Little Rock, AR – The Arkansas 529 Education Savings Plan has reached $1 billion in assets, Treasurer of State Dennis Milligan told the 529 Board at a meeting on August 25th.
“When I took office in 2015, I made promoting the Arkansas 529 plan a priority,” Milligan said. “We had $568 million in assets and today, just five-and-a-half years later, we’re at $1 billion. For a plan that began in Arkansas in 1999, this type of growth is just phenomenal.”
Since Milligan has taken office and been in charge of administering the plan, it has seen a 77 percent increase in growth. Since January alone, the plan has seen a net inflow of contributions of $2 million more than the same period in 2019.
The Arkansas 529 plan began in 1999, but wasn’t moved under the purview of the Treasurer’s Office until 2003. It initially started with a direct-sold plan sponsored by the state. However, in 2007, the plan’s advisory board added an advisor-sold option as well, which saw an 8 percent growth in the past seven months, Milligan said.
“We have taken a plan that few people knew existed and have turned it into a household name in just five years,” Milligan said. “We began heavily promoting the Arkansas 529 plan during my first year in office, and because of that, we’ve seen consistent growth each year.”
The Arkansas 529 plan is an education-savings account that offers parents up to $10,000 in state tax deductions for their contributions. They’re then able to use the money for a variety of expenses to further their child’s education, whether that be at a traditional four-year university or a technical or trade school.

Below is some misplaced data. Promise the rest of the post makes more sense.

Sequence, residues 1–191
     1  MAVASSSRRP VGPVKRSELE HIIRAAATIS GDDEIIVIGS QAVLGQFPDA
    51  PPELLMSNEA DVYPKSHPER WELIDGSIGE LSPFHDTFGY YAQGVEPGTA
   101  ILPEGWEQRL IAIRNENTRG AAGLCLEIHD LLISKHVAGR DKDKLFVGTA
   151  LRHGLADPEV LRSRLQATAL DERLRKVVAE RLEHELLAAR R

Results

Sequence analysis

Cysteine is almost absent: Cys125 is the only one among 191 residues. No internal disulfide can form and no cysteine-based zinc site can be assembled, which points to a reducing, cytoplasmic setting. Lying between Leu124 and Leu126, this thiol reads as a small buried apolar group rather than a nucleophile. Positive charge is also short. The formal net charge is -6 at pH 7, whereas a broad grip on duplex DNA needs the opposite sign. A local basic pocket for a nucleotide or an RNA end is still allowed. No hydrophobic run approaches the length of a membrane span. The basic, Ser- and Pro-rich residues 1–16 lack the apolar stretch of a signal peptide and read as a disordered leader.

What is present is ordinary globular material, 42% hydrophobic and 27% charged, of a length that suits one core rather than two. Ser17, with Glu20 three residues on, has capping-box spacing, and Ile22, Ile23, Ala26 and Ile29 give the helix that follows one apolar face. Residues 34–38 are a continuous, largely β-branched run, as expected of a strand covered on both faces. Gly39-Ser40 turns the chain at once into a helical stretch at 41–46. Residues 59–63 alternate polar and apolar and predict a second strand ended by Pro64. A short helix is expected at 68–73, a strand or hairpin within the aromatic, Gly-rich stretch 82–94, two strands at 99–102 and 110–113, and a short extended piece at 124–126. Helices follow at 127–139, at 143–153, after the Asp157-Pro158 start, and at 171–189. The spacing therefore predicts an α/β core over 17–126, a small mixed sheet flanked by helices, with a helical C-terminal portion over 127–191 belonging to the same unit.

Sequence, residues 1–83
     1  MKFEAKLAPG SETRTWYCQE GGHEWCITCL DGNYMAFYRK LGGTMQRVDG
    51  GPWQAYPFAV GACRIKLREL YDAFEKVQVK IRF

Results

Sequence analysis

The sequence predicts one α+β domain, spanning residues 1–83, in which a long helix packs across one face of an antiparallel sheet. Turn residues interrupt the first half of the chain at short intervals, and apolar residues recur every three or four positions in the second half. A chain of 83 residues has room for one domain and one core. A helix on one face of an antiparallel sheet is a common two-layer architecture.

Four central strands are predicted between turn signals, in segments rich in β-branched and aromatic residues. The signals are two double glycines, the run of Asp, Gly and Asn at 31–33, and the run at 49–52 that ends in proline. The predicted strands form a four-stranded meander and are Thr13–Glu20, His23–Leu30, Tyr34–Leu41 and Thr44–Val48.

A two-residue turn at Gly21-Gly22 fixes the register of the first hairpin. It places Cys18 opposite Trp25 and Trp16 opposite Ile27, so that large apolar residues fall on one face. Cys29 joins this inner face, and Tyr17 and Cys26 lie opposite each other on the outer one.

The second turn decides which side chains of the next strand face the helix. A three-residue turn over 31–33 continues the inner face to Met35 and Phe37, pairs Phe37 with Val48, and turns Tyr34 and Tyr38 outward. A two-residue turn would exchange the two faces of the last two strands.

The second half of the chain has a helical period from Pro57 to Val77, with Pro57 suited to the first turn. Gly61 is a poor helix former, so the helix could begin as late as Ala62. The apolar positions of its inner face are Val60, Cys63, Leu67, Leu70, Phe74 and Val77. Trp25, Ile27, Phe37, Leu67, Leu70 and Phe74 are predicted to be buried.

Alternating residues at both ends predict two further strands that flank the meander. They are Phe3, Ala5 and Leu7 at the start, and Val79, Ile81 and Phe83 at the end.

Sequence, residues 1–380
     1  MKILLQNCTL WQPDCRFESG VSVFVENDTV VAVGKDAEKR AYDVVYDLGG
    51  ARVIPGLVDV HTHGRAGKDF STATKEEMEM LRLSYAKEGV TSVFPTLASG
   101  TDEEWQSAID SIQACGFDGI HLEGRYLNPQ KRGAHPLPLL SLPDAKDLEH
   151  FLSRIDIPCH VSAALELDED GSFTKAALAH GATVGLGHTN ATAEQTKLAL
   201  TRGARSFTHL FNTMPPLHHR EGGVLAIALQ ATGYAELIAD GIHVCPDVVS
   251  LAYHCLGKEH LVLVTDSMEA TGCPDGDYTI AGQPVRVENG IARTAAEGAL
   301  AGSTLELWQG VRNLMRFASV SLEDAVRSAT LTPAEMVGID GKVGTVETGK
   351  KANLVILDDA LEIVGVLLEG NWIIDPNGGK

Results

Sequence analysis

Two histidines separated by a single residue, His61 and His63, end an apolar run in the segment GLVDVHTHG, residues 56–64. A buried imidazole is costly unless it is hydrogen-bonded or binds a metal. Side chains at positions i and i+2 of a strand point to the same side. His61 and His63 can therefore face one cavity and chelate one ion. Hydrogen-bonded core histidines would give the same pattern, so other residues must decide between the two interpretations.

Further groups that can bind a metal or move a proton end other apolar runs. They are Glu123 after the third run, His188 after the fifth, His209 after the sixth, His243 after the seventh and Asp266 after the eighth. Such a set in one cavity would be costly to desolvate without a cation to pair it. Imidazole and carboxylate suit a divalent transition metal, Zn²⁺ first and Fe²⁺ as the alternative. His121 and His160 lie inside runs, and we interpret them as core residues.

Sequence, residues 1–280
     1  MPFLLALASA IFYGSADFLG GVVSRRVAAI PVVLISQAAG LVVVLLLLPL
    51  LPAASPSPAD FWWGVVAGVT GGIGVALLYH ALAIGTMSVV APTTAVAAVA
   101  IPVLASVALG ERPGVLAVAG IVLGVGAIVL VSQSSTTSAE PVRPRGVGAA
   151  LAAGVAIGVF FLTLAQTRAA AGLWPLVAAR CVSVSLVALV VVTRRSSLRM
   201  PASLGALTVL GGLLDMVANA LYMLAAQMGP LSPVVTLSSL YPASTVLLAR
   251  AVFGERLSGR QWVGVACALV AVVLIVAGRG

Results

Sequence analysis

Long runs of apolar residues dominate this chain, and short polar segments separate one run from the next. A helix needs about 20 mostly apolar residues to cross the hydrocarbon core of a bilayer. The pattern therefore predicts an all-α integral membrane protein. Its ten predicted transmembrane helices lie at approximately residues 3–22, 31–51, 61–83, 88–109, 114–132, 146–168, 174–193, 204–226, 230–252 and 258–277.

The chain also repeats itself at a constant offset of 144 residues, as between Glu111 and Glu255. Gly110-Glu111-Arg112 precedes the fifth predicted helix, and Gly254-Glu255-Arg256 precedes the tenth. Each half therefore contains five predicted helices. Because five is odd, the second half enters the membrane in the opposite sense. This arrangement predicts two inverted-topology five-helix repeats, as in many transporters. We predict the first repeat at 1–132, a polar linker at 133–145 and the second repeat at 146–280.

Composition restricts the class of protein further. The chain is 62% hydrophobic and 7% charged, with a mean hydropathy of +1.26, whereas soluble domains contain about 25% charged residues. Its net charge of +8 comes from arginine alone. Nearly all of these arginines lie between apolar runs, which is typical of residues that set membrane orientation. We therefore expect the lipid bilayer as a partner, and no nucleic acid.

Not only has Milligan grown the program exponentially, but he has worked with the Legislature over his tenure to provide several tax benefits for Arkansans in order to make the program more attractive.
- Creating a tax deduction for businesses that wish to match their employees’ contributions
- Allowing those who are able to contribute up to $50,000 in a single year and carry the $10,000 tax deduction toward the forthcoming four years
- Expanding the plan to include K-12 tuition and widening the list of qualifying expenses for which the money can be used
- Introducing a $7,500 tax incentive for people with out-of-state plans when they roll them over into the Arkansas plan
Milligan also plans to work with the Legislature in the upcoming 2021 general session to incorporate recent federal changes to 529 plans that allow account owners to use 529 funds to pay student loan debt. Federal legislation adding student loans and the cost of apprenticeship programs as eligible expenses for 529 plans was enacted in 2019 via the SECURE Act.
In addition to the legislative changes, Milligan also created the first mobile app in the country for a state-run 529 plan.
“We have worked hard to make the Arkansas 529 plan a successful education savings tool for all Arkansans,” Milligan said. “For as little as $25, you can open an account for your child or grandchild and start saving for their future.”
For more information about the Arkansas 529 Education Savings Plan, visit www.arkansas529.org or call (501) 682-1406.
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